IT TOOK a long time for Johann Sebastian Bach to be acknowledged as a musical genius. More than 250 years after his death in 1750, and despite the rich legacy associated with his name, he remains an enigma.
Although the letters of Mozart or Beethoven tell us a great deal about their private thoughts and feelings, we know comparatively little about Bach’s inner workings. He tells us nothing, for example, of how he coped with the sudden death of his first wife, the premature deaths of several of his children (he fathered 20 in all), or the myopia of a city council that — after employing him — recorded in the minutes of April 1723, “Since we cannot get the best man, we must put up with a mediocre one.”
Wiki/Creative CommonsJohann Sebastian Bach (1685-1750) by Elias Gottlob Haussmann (1695-1774)
The familiar portrait of Bach, painted in 1746, four years before his death, by Elias Gottlob Haussmann, confirms the impression of a private, even inscrutable, man of natural reserve. He is wigged and amply proportioned. The look in his eyes and his pursed lips conceal rather than reveal. In his right hand, we see a script representing his membership submission to the Society of Musical Sciences.
The document suggests how Bach was perceived by contemporaries and detractors. They viewed him as “a mere old-fashioned wig stuffed with learning”: a technical expert, admittedly, where the organ was concerned, but otherwise somewhat dull and out of step with changing times, and with only nine published works to his credit.
He was never a European superstar, never lived in Vienna, London, or Paris, and never wrote the operas that brought his contemporaries musical fame. From his middle years, he rarely strayed from the confines of St Thomas’s, a Lutheran church in Leipzig, where he directed the choir and taught at its affiliated school.
He could be prickly. Ecclesiastical officials vexed him, and his duties frequently proved onerous. Some of his greatest works went unappreciated, and, at one point, a decision was taken by seven votes to four to reduce his salary.
The modest fame that he enjoyed in life came late; and not until 80 years after his death — thanks, largely, to the prescience of a 20-year-old Felix Mendelssohn — did Bach’s name and music undergo the beginning of a revival.
And yet. . . it is in the years of relative obscurity, and positions tinged with disappointments and sporadic griefs, that Bach created a unique body of work which speaks not only of God, but also of “the joyous essence of being”, as it has been aptly described.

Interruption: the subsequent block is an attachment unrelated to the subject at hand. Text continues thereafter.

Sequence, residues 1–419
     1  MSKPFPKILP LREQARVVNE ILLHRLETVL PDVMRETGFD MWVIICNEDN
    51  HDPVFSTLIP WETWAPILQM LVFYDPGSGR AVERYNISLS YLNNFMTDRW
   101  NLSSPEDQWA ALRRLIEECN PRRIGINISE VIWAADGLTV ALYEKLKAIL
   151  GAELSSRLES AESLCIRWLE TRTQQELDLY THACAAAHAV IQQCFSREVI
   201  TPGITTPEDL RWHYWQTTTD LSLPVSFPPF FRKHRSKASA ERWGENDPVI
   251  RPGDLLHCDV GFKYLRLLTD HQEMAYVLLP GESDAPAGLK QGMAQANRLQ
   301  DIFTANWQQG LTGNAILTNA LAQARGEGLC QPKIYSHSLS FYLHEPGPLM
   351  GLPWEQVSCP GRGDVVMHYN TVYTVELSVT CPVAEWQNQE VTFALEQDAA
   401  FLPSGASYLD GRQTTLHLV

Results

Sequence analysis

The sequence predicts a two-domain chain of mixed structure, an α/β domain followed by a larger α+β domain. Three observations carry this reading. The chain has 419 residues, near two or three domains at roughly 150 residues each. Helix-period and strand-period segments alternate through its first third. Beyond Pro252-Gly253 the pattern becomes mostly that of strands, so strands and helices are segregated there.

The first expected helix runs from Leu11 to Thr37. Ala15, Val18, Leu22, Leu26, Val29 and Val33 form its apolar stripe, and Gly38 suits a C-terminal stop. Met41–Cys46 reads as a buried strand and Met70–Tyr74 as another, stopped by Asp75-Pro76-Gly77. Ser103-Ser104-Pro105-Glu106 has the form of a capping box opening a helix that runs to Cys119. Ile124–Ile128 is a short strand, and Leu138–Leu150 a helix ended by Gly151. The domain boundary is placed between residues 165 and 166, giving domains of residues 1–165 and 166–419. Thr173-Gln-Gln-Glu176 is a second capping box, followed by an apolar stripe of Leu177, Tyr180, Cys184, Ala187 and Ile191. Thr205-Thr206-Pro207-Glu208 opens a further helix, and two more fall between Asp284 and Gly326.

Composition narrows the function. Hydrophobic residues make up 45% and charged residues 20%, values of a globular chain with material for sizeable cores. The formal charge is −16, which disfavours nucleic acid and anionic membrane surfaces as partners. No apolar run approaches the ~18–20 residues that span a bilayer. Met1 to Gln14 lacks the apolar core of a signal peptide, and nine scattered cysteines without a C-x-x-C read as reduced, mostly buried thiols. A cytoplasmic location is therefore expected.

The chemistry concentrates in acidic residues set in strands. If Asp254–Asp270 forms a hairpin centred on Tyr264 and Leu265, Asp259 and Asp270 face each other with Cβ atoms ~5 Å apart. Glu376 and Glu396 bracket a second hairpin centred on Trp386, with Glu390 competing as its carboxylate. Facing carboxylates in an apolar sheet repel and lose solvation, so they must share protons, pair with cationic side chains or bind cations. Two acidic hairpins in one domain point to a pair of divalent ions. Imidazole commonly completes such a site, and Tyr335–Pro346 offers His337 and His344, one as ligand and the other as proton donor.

Paradoxes present themselves at this point. Far from being plodding, predictable, or even tediously mathematical, Bach’s music is frequently and gloriously tuneful, imbued as it is with the spirit of the dance. His Brandenburg Concertos radiate an energy and exuberance that can ease the anxiety or depression of our less-than-brilliant days; his cello suites are joyful as well as sorrowful; and his spiritual works convey an intensity of feeling which refutes the image of Bach as somewhat dry, remote, or cerebral.
In its place, we have Bach the believer, blessed with an astonishing ability to express deep and sincere emotions. He embarks on new compositions with the inscription “INJ” (In nomine Jesu) or “JJ” (Jesu juva: Jesus, help). Finished works are signed off with the letters “SDG” (Soli Deo Gloria: “To God alone be the glory”). His music is less a prolonged or melancholic farewell to life than a vibrant personal testimony to the Creator and Judge who sets our lives and deaths within a providential order.
WE LISTEN to Bach and we hear the thrill and promise of his Advent chorales, and the sound of the trumpets in the final “Dona nobis pacem” of the Mass in B minor. In his great oratorio, the St Matthew Passion, Bach unfolds for us, with unparalleled insight and grace, the mystery and pathos of the Christ who, in consenting to his own destruction, invites our allegiance to his cause, and the recognition of who he is.
Through Bach’s music, we also witness a skilled theologian upholding the faith of Luther and the German Reformation. Bach attended the same Latin school as Luther had attended two centuries before, and grew up in the shadow of Wartburg Castle, where Luther found sanctuary after his famous “Here I stand” speech.
Bach’s education steeped him in orthodox Lutheran theology. He used Luther’s translation of the Bible. Scholars examining Bach’s library after his death found that it contained 18 folio volumes of Luther’s writings. Bach knew and taught the Lutheran Catechism, and signed the Formula of Concord — not once, but twice, stating that he endorsed Lutheran doctrines and rejected other more radical or pietistic Reformation beliefs.
More than this, however, he shared Luther’s deep and consoling conviction that “music is next to theology — that next to the Word of God, only music deserves to be exalted as the mistress and governess of the human heart”.
BACH’s character and achievements reveal what his portrait hides: a life of creative energy and faith; a lack of pomposity or corrosive ambition; and an attitude of acceptance towards his death. At the end of his life, after an unsuccessful operation on his eyes which left him exhausted and, eventually, blind, Bach dictated the last of 18 chorale preludes to his son-in-law. He asked that it should be given the title “I come before thy throne of grace.”
He died a few days later, in his 66th year; a pilgrim to the end, holding fast to the God who, in the words of Luther’s famous hymn “Ein feste Burg ist unser Gott”, had proved “a safe stronghold and a trusty shield”. Four decades later, Mozart heard a Bach motet at a church in Leipzig. When the double chorus had finished, he remarked, “This is something we can learn from.”
Bach remains our teacher, and never disappoints.
Canon Rod Garner is an Anglican priest, writer and theologian.